AI is the Ultimate Disruptor, Enabler and Growth Engine for the Legal Industry
The original definition proffered in 1956 by the man who coined the term AI, John McCarthy, is: “the science and engineering of making intelligent machines.” A more elaborate definition characterizes AI as “a system’s ability to correctly interpret external data, to learn from such data, and to use those learnings to achieve specific goals and tasks through flexible adaptation.”
Artificial intelligence (AI) has the potential to fundamentally change the practice of law, from automating repetitive tasks, to dramatically accelerating time to insight, to amplifying the decisions of legal practitioners across vast data sets. Despite the potential benefits and the seeming endless hype surrounding legal AI, adoption of this new tech remains slower across the legal ecosystem compared to other industries.
Many misconceptions and fears are holding legal practitioners back from embracing the tech-enabled future. But they don’t have to. Not only do AI’s benefits outweigh the risks, but in many cases, the bigger risk is maintaining the status quo.
Artificial Intelligence is a Lawyer’s Best Friend
AI tools are the modern legal professional’s tethered exoskeleton system. They work in parallel with legal teams’ current experience and abilities to provide an unprecedented level of expertise and acumen.
AI technology fits into four categories: machine learning, natural language processing, computer vision, and robotics. We will focus on the first three, as legal professionals use them most frequently.
In the context of the practice of law, legal research and eDiscovery in particular, the deployment of AI has generally fallen into the category of machine learning. Machine learning is a subset of AI characterized by the use of algorithms and statistical methods to enable machines to improve or learn through experience. Broadly speaking, most legal AI tools today rely on algorithms trained with human input to identify similar or dissimilar categories of documents to reduce the amount of time it takes to surface key concepts or evidence.
For legal professionals, two types of machine learning matter: unsupervised and supervised.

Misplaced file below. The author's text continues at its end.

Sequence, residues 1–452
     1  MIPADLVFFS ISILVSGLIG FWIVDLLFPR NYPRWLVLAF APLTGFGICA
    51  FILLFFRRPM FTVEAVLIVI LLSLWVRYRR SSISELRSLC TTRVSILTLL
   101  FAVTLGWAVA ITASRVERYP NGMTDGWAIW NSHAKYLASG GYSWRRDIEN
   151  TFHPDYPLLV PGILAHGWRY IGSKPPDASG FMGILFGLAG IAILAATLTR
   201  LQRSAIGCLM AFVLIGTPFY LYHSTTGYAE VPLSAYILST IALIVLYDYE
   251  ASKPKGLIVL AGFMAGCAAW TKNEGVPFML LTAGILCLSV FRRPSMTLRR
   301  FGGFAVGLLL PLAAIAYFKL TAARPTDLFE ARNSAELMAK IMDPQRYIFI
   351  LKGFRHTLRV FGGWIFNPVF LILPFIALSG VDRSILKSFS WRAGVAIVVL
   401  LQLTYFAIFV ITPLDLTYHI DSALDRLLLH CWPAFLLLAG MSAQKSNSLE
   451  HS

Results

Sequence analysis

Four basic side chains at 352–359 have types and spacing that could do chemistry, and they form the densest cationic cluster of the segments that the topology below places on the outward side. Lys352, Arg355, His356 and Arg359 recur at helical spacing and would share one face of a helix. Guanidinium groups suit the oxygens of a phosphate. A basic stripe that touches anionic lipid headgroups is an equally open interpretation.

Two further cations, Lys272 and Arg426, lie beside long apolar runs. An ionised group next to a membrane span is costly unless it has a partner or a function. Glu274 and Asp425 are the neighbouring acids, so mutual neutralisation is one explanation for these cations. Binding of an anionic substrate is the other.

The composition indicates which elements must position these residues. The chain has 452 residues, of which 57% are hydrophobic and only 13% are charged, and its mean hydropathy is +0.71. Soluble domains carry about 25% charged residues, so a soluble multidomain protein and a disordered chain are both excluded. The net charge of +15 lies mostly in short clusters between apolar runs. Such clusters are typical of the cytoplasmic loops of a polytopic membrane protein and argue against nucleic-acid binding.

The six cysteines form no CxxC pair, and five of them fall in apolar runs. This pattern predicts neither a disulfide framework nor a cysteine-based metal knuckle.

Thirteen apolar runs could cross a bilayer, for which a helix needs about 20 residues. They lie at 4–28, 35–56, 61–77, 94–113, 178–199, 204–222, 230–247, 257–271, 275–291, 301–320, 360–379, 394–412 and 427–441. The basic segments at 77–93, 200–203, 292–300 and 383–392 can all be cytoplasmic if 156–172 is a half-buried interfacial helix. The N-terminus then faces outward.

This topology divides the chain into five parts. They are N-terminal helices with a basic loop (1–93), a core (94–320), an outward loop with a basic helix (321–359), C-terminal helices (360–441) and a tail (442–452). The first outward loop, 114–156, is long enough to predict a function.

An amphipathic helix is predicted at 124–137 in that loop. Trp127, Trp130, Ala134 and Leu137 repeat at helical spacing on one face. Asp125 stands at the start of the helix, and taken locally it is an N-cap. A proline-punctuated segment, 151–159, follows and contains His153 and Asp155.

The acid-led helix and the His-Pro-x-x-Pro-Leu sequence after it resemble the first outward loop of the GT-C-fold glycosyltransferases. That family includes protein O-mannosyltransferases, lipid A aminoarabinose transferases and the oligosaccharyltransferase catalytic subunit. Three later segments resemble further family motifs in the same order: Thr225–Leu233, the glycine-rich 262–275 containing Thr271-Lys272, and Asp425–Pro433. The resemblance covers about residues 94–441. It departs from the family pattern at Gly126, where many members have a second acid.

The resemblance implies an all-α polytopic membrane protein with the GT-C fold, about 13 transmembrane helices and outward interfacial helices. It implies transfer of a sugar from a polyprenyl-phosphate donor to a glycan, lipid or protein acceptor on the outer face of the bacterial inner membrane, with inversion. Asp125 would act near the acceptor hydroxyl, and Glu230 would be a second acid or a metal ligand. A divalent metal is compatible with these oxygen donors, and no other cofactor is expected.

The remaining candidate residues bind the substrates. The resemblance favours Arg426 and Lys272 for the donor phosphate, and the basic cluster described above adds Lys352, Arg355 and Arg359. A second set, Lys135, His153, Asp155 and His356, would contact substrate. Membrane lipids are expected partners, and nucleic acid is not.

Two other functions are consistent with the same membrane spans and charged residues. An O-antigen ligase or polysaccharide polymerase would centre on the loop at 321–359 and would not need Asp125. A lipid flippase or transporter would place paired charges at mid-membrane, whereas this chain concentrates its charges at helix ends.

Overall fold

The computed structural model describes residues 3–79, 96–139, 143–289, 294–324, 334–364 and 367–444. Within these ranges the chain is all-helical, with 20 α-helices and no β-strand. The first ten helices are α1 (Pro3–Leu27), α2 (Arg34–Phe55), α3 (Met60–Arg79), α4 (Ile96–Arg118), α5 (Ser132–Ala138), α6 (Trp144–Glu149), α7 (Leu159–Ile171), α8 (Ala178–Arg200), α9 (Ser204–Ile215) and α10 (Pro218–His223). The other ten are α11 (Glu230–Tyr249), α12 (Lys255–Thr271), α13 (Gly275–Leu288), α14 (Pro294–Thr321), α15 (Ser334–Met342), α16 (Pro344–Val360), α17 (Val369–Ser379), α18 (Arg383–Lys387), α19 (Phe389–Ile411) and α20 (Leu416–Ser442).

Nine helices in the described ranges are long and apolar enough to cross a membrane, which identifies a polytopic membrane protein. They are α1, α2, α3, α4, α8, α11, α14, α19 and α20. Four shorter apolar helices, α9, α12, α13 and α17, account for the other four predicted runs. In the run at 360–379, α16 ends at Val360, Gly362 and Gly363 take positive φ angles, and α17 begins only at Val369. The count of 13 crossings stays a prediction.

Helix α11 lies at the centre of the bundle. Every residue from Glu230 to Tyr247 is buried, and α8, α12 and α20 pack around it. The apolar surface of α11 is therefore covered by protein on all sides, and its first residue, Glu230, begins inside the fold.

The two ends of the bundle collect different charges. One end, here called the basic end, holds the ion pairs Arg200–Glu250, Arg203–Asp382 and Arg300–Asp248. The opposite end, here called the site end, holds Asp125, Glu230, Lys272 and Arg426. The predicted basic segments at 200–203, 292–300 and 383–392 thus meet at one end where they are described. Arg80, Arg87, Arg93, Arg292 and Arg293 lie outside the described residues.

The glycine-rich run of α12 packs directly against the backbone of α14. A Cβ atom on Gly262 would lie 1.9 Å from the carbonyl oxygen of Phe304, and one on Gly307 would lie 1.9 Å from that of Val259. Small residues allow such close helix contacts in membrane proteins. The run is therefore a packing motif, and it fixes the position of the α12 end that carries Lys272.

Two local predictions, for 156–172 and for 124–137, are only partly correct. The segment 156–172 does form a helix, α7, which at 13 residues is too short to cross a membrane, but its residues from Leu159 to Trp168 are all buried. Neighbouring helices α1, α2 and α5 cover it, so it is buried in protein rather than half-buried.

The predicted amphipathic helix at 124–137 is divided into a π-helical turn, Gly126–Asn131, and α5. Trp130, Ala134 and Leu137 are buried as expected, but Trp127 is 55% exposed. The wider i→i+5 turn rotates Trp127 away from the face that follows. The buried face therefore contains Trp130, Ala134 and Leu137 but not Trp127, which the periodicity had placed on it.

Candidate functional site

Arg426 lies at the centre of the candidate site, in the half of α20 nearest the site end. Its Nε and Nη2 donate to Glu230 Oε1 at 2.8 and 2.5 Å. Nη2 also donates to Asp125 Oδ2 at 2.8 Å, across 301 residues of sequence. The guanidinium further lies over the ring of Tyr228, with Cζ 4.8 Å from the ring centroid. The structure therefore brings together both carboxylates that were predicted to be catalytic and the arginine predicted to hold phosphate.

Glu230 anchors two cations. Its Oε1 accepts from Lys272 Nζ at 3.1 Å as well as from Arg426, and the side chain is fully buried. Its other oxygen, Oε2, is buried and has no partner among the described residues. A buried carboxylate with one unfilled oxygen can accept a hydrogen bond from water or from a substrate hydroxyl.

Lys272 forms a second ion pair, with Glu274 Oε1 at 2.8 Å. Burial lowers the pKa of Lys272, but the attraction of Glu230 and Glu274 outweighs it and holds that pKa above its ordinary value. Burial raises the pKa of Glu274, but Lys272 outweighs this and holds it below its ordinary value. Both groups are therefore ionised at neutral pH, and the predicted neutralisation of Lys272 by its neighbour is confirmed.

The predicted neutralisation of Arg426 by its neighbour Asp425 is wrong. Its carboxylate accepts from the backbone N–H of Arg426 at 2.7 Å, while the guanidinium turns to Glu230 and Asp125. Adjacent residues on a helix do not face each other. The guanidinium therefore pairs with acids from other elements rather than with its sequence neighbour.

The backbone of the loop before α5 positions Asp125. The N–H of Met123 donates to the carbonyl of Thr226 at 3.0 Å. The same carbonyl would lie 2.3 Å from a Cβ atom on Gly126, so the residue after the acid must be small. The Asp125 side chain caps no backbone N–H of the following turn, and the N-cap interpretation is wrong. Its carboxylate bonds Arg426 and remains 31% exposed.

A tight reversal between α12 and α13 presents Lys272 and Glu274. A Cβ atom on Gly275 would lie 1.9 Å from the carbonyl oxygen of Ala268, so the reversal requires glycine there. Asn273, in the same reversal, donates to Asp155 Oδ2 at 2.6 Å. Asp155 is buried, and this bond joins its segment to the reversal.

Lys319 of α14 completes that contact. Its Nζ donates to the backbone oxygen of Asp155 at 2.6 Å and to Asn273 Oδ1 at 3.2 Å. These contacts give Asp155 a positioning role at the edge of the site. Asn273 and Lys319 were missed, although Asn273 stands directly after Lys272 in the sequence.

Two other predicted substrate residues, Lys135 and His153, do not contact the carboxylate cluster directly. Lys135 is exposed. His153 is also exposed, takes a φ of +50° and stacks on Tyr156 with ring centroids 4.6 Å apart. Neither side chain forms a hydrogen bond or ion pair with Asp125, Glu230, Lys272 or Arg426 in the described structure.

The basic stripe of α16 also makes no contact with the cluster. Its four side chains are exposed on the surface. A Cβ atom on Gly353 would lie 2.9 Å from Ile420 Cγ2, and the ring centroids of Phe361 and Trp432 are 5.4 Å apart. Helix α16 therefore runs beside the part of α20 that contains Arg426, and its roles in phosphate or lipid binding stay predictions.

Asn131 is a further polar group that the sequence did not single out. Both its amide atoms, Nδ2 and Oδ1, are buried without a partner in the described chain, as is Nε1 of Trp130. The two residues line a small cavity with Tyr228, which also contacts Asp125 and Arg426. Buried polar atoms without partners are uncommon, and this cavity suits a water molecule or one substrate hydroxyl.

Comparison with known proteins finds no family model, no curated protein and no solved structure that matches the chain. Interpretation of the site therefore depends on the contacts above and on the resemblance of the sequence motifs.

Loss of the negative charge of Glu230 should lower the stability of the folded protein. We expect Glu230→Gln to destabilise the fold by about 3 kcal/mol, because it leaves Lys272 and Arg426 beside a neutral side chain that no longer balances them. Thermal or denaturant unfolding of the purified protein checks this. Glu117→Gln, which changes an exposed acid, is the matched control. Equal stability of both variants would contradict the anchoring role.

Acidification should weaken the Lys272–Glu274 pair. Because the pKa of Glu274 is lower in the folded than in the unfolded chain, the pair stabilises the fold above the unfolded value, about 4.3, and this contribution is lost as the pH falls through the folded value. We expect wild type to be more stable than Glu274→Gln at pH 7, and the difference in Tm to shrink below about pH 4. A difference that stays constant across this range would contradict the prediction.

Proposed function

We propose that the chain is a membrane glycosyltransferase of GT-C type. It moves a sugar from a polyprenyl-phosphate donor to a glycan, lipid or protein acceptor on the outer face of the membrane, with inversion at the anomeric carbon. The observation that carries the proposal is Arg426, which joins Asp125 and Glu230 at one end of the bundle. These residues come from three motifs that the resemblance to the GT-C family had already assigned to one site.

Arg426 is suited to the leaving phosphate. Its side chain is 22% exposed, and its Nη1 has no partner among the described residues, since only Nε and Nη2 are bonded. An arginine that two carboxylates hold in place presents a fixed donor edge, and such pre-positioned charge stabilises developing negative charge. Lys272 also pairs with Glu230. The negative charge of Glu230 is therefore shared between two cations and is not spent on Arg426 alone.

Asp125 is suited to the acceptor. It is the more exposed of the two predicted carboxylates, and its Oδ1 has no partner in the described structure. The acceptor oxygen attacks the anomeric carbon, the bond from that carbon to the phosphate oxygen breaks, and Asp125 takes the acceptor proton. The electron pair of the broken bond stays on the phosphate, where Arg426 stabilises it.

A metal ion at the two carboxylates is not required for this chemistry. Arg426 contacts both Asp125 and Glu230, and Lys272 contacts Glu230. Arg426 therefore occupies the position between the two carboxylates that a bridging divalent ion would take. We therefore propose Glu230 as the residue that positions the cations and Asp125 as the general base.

- Unsupervised machine learning often is an exercise in having computers “tell me something I don’t know.” AI tools point computer algorithms at data. The algorithms organize that data based on patterns, similarities, and differences. The algorithms work on their own. They do not rely on people to train them. They are not subject to the same biases. But they can learn from their own past experience.
- Supervised machine learning is a way to “find more like this.” With supervised machine learning, users train the system.
Natural Language Processing
Natural language processing (NLP) refers to AI technology that analyzes and understands natural language. Legal teams point NLP technology to text, which originates from communications such as chats, emails, social media posts, Slack messages, and tweets. It comes from documents such as contracts, advertisements, instruction manuals, warning labels, even web pages. It even comes from structured databases. NLP works with that text, performing sentiment analysis, measuring emotional signals, and summarizing blocks of text. It normalizes names, and it detects topics.
Computer vision is a third form of artificial intelligence used in document review. Aimed at a single photo of a streetscape, for example, computer vision AI technology was able to identify and label over a dozen items. These tools can go farther. Some of them also are astute enough to identify which regions of an image represent which entity. Some image labeling models even recognize logos, ad, and other targeted types of images.
The AI Model for Legal Tech: How it All Comes Together
Machine learning and natural language processing can be combined to create reusable AI models. Legal teams can use models built by others. If they have appropriate resources at their disposal, they also can build and run a wide array of their own models.
Legal firms use models to achieve many objectives and fit various business models. They use these models to find potentially privileged content. They deploy models to locate information that tends to support or refute asserted causes of actions and defenses to those causes. They run models to bring to light legal issues before those issues become formal complaints, bring on investigations, or lead to lawsuits.
eDiscovery AI Models